Working...
ClinicalTrials.gov
ClinicalTrials.gov Menu

Improvements in Cognitive Skills From Traumatic Brain Injury Using Dynamic Visual Attention Training

The safety and scientific validity of this study is the responsibility of the study sponsor and investigators. Listing a study does not mean it has been evaluated by the U.S. Federal Government. Know the risks and potential benefits of clinical studies and talk to your health care provider before participating. Read our disclaimer for details.
ClinicalTrials.gov Identifier: NCT03655782
Recruitment Status : Not yet recruiting
First Posted : August 31, 2018
Last Update Posted : July 25, 2019
Sponsor:
Collaborators:
University of California, San Diego
University of South Alabama
Information provided by (Responsible Party):
Perception Dynamics Institute

Brief Summary:
The proposed study tests the feasibility (Phase I) and efficacy (Phase II) of PATH neurotraining to improve working memory and attention in mTBI patients rapidly and effectively to provide clinical testing of a therapeutic training for the treatment of neurological disorders caused by a concussion. This study will contribute to the fundamental knowledge of how to remediate concussions from a mTBI to enhance the health, lengthen the life and reduce the disabilities that result from a mTBI.

Condition or disease Intervention/treatment Phase
MTBI - Mild Traumatic Brain Injury Behavioral: PATH neurotraining Behavioral: Orientation Discrimination Not Applicable

Detailed Description:
This study will provide clinical testing of therapeutic training for the treatment of neurological disorders caused by a concussion. We will extend previous results from a pilot study of 4 mTBI subjects (Lawton & Huang, 2019) to a much larger sample of mTBI subjects. During Phase II we will determine whether these results are sustained over time. The proposed study tests the feasibility (Phase I) and efficacy (Phase II) of PATH neurotraining to improve working memory (primary outcome) and attention (secondary outcome) in mTBI subjects rapidly and effectively. This study will compare PATH training (C.3.1), presenting dim gray patterns moving left or right to activate the dorsal stream (Ungerleider & Mishkin, 1982; Livingstone & Hubel, 1988; Kaplan & Shapley, 1986), with sham training (C.3.2), presenting high contrast colored stationary patterns tilted left or right to activate the parvocells in the ventral stream. We predict that sham training does not improve attention and working memory in mTBI. Since PATH training must be followed by cognitive exercises to improve cognitive function (Lawton, 2015, 2016), having subjects drive to and from the test site, when possible, provides cognitive exercises that facilitate improving cognitive function in mTBI. MEG recordings (Huang et al., 2014, 2016, 2018) before and after training will provide a biomarker to determine whether PATH training improves the function of the dorsal, attention, and working memory networks more than found after a sham treatment. MEG recordings will also be used to determine whether PATH training strengthens coupled theta/ gamma activity, and/or alpha/ gamma activity. To increase its commercialization ability, PATH neurotraining must be shown to improve brain function using a biomarker, as stated by neurologists and therapists in letters of support. During Phase II the impact of PATH neurotraining will be evaluated on a much larger sample of mTBI subjects and will be offered to mTBI subjects after they finish the sham training. Whether cognitive improvements are sustained over time will be evaluated by measuring whether mTBI subjects improve on neuropsychological tests of cognitive function 3 and 6 months after training.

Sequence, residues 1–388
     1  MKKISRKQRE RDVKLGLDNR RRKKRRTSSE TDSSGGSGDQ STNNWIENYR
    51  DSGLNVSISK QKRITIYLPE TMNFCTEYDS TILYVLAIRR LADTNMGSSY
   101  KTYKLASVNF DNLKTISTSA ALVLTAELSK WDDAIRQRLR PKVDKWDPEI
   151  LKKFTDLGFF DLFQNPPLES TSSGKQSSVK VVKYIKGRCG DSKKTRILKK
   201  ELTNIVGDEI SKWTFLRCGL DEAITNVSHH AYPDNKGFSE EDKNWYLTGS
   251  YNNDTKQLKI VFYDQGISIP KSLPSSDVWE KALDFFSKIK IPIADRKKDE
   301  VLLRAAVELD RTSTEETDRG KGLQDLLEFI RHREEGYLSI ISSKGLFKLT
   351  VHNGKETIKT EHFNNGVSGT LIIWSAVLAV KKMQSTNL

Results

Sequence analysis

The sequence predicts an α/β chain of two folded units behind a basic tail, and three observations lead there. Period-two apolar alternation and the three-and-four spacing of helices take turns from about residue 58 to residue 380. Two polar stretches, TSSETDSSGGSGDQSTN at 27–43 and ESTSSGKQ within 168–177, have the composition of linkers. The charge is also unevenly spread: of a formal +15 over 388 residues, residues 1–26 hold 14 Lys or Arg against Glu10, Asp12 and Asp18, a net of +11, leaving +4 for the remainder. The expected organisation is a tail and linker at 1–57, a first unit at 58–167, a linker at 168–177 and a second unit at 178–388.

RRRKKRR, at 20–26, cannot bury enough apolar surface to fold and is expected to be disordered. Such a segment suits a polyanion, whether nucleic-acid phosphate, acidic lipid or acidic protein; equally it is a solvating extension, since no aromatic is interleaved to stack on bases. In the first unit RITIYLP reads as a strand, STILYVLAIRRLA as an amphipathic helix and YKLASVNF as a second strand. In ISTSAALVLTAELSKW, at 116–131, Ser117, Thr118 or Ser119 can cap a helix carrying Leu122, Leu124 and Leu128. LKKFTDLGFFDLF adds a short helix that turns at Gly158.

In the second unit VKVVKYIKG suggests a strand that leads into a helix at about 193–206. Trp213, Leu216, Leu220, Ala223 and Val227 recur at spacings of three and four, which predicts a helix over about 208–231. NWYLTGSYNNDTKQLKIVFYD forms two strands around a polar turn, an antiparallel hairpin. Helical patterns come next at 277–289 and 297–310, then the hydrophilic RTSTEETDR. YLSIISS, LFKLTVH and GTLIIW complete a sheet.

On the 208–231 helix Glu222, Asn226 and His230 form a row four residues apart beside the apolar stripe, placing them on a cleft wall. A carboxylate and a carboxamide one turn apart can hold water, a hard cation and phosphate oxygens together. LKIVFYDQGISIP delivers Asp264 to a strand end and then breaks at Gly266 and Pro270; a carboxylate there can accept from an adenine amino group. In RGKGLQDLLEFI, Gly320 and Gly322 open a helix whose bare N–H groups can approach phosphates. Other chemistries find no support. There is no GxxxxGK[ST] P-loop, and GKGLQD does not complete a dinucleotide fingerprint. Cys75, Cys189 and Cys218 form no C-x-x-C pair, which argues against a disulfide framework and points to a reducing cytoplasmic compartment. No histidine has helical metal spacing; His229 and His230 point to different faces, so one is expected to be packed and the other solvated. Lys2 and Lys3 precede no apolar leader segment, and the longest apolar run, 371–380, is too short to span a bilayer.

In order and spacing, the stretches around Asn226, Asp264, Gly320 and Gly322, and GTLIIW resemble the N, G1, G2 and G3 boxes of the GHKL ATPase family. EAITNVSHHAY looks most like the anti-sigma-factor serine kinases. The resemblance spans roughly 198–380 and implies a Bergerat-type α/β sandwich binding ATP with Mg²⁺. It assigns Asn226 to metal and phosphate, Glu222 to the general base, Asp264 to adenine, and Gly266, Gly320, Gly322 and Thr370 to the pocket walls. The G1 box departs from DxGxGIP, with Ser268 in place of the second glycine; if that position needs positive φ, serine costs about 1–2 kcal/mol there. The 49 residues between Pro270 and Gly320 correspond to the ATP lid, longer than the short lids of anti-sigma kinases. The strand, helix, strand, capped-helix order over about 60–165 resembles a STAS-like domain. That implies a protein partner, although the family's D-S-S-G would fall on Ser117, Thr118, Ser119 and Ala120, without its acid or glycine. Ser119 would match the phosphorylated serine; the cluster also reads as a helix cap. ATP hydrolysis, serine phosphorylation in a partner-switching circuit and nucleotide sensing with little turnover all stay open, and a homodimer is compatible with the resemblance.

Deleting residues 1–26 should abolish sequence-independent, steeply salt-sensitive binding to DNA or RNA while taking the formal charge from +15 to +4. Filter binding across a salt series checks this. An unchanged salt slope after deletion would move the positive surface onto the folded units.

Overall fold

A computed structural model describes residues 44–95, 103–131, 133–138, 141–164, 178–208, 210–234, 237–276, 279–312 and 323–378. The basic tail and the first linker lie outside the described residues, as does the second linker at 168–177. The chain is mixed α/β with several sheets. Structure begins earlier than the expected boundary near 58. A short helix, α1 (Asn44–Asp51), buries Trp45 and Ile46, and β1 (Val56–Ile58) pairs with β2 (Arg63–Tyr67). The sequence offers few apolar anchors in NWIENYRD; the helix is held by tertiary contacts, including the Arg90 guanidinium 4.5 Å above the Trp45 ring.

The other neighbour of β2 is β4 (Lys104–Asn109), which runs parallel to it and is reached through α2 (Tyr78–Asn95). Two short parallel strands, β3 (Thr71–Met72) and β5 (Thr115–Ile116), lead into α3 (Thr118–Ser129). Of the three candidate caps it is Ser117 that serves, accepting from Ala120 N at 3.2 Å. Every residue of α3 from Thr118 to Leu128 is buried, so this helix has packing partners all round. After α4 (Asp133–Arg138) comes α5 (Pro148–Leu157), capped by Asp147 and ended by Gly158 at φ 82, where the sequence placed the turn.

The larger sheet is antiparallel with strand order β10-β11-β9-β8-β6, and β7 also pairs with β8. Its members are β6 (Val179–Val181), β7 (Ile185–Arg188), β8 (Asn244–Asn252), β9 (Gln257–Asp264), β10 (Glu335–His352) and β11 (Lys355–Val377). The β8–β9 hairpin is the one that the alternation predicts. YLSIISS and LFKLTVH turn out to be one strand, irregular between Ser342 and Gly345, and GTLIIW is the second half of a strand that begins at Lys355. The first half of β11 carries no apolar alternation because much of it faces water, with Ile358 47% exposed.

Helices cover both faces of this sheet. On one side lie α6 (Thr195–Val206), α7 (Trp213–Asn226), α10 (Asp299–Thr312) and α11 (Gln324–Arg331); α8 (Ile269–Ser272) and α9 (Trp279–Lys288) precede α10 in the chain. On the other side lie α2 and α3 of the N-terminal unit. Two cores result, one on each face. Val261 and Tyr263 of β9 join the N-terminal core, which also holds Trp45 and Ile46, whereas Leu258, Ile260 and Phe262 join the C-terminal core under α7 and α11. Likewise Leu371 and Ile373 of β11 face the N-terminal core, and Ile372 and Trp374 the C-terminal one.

Layout table for study information
Study Type : Interventional  (Clinical Trial)
Estimated Enrollment : 153 participants
Allocation: Randomized
Intervention Model: Parallel Assignment
Intervention Model Description: During Phase I and Phase II of this study, we will show that working memory and attention improve more in TBI patients after neurotraining that improves sensory and processing speed functions, improving the motion working range (PATH), more than after sham training that activates a different visual pathway to show its feasibility and efficacy. MEG brain imaging will be used to show that PATH neurotraining improves the function of the dorsal, attention, and working memory networks (e.g., PPC, DLPFC and ACC/PCC areas), reducing over recruitment, more than found after sham training.
Masking: Triple (Participant, Care Provider, Outcomes Assessor)